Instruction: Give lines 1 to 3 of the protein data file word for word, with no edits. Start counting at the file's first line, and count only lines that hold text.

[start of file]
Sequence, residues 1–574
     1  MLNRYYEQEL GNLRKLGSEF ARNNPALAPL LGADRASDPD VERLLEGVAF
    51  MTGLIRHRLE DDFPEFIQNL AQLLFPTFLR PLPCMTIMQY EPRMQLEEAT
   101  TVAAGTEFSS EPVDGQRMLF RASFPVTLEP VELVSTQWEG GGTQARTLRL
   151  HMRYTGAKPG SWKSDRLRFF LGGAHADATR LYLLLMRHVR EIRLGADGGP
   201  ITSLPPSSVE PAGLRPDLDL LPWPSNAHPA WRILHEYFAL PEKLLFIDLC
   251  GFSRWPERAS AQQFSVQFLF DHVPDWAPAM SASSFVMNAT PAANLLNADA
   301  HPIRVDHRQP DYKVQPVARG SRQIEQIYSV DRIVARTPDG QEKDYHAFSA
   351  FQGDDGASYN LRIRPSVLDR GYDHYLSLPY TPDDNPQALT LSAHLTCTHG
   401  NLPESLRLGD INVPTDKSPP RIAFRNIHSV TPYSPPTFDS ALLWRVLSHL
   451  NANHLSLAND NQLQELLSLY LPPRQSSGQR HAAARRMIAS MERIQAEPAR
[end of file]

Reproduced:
Sequence, residues 1–574
     1  MLNRYYEQEL GNLRKLGSEF ARNNPALAPL LGADRASDPD VERLLEGVAF
    51  MTGLIRHRLE DDFPEFIQNL AQLLFPTFLR PLPCMTIMQY EPRMQLEEAT